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Stranger things

Women seem wicked when you're unwanted

Women seem wicked when you’re unwanted

I can’t lie: when I saw that Washington Concert Opera announced an all-Bel Canto 2017-2018 season, I felt a little stalked by the spectre of Will Crutchfield’s Bel Canto at Caramoor presentations, to which I’ve enjoyed a close proximity. 

What distinguished Crutchfield’s program was his commitment to making the case that each work revived was a valuable, viable dramatic work in its own way. Sometimes it made sense and was effective theatre (La Favorite), sometimes it didn’t and there was just pretty music (Aureliano in Palmira).

That’s not to ascribe motives to WCO for their fall foray into neglected Bel Canto, Vincenzo Bellini’s La Straniera, presented at George Washington University’s dreary Lisner Hall on Sunday. But with a confusing plot and singers that lacked much innate flair for the material, not much of a case was made for anything.

Like many un- or under-performed Bel Canto operas, Straniera was a huge hit when it premiered in Milan in 1829. With a cast lead by Henriette Méric-Lalande, the first Imogene in Il Pirata and Lucrezia Borgia in Donizetti’s opera of the same name, it was the singing that made the greatest impression after the premiere and the piece has since been occasionally snapped up by sopranos looking to shake, warble, and roll while doing their best “baleful.”

The plot centers around an aloof Straniera (yes, they all refer to her as that) called Alaide living in seclusion at the edge of lake who is being fiercely pursued by Arturo. Arturo, in turn, is betrothed to Isoletta, daughter of Count Montolino. But Arturo isn’t interested and gets his hands dirty with the blood of Valdeburgo, Alaide’s brother, in his pursuit. Alaide gets raked over the coals by a mob of angry peasants for being so tragically beautiful as to allow this all to happen.

Then, when Arturo finally resigns himself to life with Isoletta, the news breaks that Queen Isemberga, Alaide’s rival, has died and that she can return from exile to her rightful position as consort to the king of France. Also her name is actually Agnes. One (or both) of these revelations is so upsetting to Arturo that he offs himself on his wedding day and the angry peasants resume their assumption that beautiful, unmarried women are of the devil.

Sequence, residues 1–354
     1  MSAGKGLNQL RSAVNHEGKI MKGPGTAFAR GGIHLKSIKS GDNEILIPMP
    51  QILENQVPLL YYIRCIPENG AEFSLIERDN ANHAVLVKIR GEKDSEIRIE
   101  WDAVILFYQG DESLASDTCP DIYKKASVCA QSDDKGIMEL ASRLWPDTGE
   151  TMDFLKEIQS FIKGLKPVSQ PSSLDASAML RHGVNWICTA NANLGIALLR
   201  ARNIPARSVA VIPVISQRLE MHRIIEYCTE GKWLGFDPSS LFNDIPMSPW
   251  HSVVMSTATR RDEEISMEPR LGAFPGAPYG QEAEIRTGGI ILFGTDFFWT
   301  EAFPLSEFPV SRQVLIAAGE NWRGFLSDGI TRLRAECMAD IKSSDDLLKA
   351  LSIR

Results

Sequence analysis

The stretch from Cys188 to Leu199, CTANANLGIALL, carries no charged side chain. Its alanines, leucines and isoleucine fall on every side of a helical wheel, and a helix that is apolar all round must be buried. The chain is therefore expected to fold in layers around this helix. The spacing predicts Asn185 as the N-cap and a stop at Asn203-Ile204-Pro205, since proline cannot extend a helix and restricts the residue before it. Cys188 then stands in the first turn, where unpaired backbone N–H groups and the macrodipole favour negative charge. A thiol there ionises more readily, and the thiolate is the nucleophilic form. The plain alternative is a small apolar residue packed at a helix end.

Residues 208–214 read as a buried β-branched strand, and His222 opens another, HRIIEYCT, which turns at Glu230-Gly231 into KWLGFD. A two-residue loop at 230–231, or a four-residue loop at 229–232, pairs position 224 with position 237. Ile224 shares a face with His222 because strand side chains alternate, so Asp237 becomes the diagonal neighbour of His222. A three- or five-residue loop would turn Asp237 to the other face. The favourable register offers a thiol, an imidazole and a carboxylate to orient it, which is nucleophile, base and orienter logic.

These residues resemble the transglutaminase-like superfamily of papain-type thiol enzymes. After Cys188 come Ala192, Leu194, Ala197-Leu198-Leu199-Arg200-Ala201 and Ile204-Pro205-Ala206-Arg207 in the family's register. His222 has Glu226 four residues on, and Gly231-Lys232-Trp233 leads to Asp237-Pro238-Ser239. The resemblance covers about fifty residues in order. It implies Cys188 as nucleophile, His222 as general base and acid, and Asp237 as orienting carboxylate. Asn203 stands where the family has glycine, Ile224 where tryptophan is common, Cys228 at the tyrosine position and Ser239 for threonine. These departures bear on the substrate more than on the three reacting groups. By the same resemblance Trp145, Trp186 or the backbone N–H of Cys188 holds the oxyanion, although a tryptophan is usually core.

If it sounds like an edge-of-your-seat afternoon of international intrigue set to Felice Romani’s libretto, it’s not – it’s dramatically lumpy and the longeurs come in all the predictable places. But it’s still a vehicle for a soprano with a good smoky eye and Alaide has some wonderful opportunities to own her outcast status through florid singing and melodic declamation.

It’s too bad Amanda Woodbury, feeling slightly under the weather, as was announced, in her Concert Opera debut, didn’t seem to approach it this way. Known (or unknown) to New York audiences as Diana Damrau’s cover in Pècheurs des Perles and Roméo et Juliette, Woodbury’s voice is a pleasant melding of a chocolatey lower register with an indistinct middle and some attractive (if tenuous, as heard on Sunday) high notes.

But like many of Bellini’s heroines, the role’s tessitura isn’t terribly high, with lots of opportunities for interpolation. What’s needed is a solid vocal core and the temperament to put the story over the edge, and Woodbury didn’t have much of either. She sang all the notes, hit the marks in the runs and trills, and even built a compelling final scena in “Sono all’ara,” but lacked authority with the material across the evening. This Straniera seemed but incidental to the opera that bears her name (or one of her names, at least).

All the authority Woodbury lacked with the material, though, tenor Gerard Schneider seemed eager to make up for. Charging and careening his way through Bellini’s music with the delicacy of a bull in a china shop, Schneider made some pleasant sounds but did nothing to string them together.

Existing in disparate chunks across the range, from worn at the bottom to gleaming with golden resonance in the top’s punched-out high notes, his voice lacks any unifying qualities and exaggerated physical mannerisms make it no wonder why he’s better suited to the mercurial verismo roles he’s performed to such exposure (he was Dmitri in Alfano’s Risurezzione at Wexford just last month). It was a wonder why the Isoletta, sung with refreshing naturalness and a soft-grained, luminous mezzo by Corrie Stallings, was so broken up over the whole thing.

As Valdeburgo, baritone Javier Arrey’s battled between awkward, crooned restraint and sonorous declamation, but his dramatic instincts weren’t nearly as contrived. Bass-baritone Matthew Scollin and tenor Jonas Hacker were consistently firm-toned throughout the evening and bass Timothy Bruno brought much-needed gravitas and authority to his singing as Il Priore.

Maestro Anthony Walker seemed a little more at sea when it came to mining any human drama from the score, and widely-varying tempi came as a result, though he did draw nice playing from the Washington Concert Opera Orchestra. And though the chorus sounded remarkably cohesive (and surprisingly quiet for such a robust group) for less than a week of rehearsal, as is WCO’s custom, they could have benefitted from a lot more diction coaching.

Washington Concert Opera returns in February with a pair of Costa-Jackson sisters in Donizetti’s Maria di Rohan. Here’s hoping that that a new set of singers help Bel Canto in DC find its steely core by then.

Photo: Don Lassell

  • PATRICK MACK

    My Dear Mr. Rose. ‘shake, warble, and roll’ enters the pantheon. I laughed out loud. Great review.